Hailing from one of the roughest townships in South Africa, Alexandra, Precious Dhlamini always had the hunger to strive in the working world, but because of the stagnant direction her career path was taking working the regular 9-5 job, she decided to take a big step into the entrepreneurial world and start her own business. Like many entrepreneurs, she yearned for financial freedom and the full ownership that came with being an entrepreneur. Though it was not easy, she embraced all the challenges as they came and today services some of the biggest companies.
“I studied hard at school; I wanted to be like all the kids and sound like them too. I spent a lot of time at the library reading, both novels and the dictionary.”
Born in Kwa-Zulu Natal, Precious made the big move to Johannesburg with her mom to Alexandra where they resided until she was 7 years old. They moved to Sunninghill after her mom got a job as a domestic worker where she attended Wendywood Primary and the high school. “Living in Sunninghill opened opportunities for me, it made me the person I am today,” said Dhlamini. “I studied hard at school; I wanted to be like all the kids and sound like them too. I spent a lot of time at the library reading, both novels and the dictionary”. Reflecting on her childhood in Alex, she recalls how tough it was and the many occasions when they would go to bed with nothing, but her mom did everything she could to provide for her and her younger brother.
“I have always been ambitious because of my background and where I come from; I did not want to go back to the life of Alex, the life of struggle.”
Precious matriculated in 2009 and took a gap year with the purpose of finding a job to further her studies. It was tough as she only managed to secure 2 jobs that whole year but she did not give up. Her first ever job was at a restaurant where she worked as a waitress and performer, singing for the customers. Her big breakthrough was when she landed a job at a call centre as a sales agent. She managed to work her way to a customer care agent where she worked on many campaigns due to her impeccable interpersonal and marketing skills. Unfortunately, from there on there were no prospects of further upward mobility and therefore found herself boxed. As a result, she left out of frustration to seek more growth opportunities. “I have always been ambitious because of my background and where I come from; I did not want to go back to the life of Alex, the life of struggle.”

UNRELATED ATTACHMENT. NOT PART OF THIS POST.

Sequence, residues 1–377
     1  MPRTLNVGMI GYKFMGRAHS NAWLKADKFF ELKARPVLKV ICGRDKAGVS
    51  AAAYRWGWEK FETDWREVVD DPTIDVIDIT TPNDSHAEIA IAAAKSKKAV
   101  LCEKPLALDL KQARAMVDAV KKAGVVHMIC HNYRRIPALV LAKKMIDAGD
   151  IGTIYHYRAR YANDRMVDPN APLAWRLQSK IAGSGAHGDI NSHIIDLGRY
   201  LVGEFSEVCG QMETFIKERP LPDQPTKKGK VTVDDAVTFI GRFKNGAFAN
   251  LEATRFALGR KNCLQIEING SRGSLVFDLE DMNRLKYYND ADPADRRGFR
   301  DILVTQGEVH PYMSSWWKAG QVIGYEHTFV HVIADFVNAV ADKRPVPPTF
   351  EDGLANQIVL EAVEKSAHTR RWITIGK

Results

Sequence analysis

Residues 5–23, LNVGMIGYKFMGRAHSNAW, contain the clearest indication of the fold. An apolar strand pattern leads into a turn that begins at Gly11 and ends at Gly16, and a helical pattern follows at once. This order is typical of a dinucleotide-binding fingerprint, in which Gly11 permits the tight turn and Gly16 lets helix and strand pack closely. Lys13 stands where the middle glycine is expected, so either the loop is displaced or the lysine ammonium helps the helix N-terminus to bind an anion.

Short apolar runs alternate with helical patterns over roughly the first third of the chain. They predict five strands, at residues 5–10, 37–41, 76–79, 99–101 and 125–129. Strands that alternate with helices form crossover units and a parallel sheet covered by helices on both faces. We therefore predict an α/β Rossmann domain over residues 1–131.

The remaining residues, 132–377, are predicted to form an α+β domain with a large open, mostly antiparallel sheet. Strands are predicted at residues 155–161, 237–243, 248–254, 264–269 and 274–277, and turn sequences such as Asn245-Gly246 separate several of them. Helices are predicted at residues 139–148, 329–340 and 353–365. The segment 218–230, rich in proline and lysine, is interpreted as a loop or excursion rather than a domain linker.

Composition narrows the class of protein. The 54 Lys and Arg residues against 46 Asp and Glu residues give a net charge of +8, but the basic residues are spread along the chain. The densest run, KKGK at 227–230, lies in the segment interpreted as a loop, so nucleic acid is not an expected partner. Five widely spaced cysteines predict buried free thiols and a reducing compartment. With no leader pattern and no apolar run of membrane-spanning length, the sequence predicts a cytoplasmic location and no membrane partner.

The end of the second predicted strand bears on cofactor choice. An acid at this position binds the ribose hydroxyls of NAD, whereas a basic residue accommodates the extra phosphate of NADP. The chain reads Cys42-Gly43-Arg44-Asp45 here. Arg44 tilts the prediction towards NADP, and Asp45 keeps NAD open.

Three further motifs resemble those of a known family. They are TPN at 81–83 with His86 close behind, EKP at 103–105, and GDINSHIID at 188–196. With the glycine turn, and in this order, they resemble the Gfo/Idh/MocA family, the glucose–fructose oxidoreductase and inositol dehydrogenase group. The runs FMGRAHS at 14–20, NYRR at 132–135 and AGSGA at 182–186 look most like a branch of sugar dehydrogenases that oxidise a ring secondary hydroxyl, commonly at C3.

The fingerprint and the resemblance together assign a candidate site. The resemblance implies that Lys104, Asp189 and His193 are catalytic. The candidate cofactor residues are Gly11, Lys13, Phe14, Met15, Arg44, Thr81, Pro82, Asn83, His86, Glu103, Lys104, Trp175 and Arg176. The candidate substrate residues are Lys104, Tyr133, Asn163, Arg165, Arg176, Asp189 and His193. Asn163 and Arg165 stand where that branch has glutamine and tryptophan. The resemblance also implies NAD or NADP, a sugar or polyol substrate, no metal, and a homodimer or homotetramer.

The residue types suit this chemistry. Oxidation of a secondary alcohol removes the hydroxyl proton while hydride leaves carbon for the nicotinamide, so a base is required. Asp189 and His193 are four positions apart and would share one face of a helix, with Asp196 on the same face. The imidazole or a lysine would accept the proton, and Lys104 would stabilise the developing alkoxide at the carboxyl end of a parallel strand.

“I withdrew my retrenchment fund and regretted my decision because they did not pay it out that month. It felt like the longest month of my life.”
Her entry into the corporate world was through working at a business centre as a receptionist in Bryanston. She then moved to Rivonia where she became a billing administrator, then an operations assistant, and moved again to Fourways to the bigger business centre. Looking at the natural progression of her career this time around, she had high hopes, but just like at the call centre, she only got as far as holding an operations assistant position despite her hard work. “My biggest issue when I was working at the business centres was the fixed idea that if you are good at something people think that is what you are meant to do forever.”
Once again, Precious changed course and looked for employment elsewhere when the company she was working with sold to another organisation. “I withdrew my retrenchment fund and regretted my decision because they did not pay it out that month. It felt like the longest month of my life.” She states that 2017 was one of the most challenging years of her life but her ambition did not allow her to give up. She landed a job as a receptionist at 22 on Sloane and within 8 months, she held the office manager position. Within a year of her employment, she became a campus manager and she loved it because she was doing something that she enjoyed – sold office space, billing administration, liaising with clients, marketing, etc.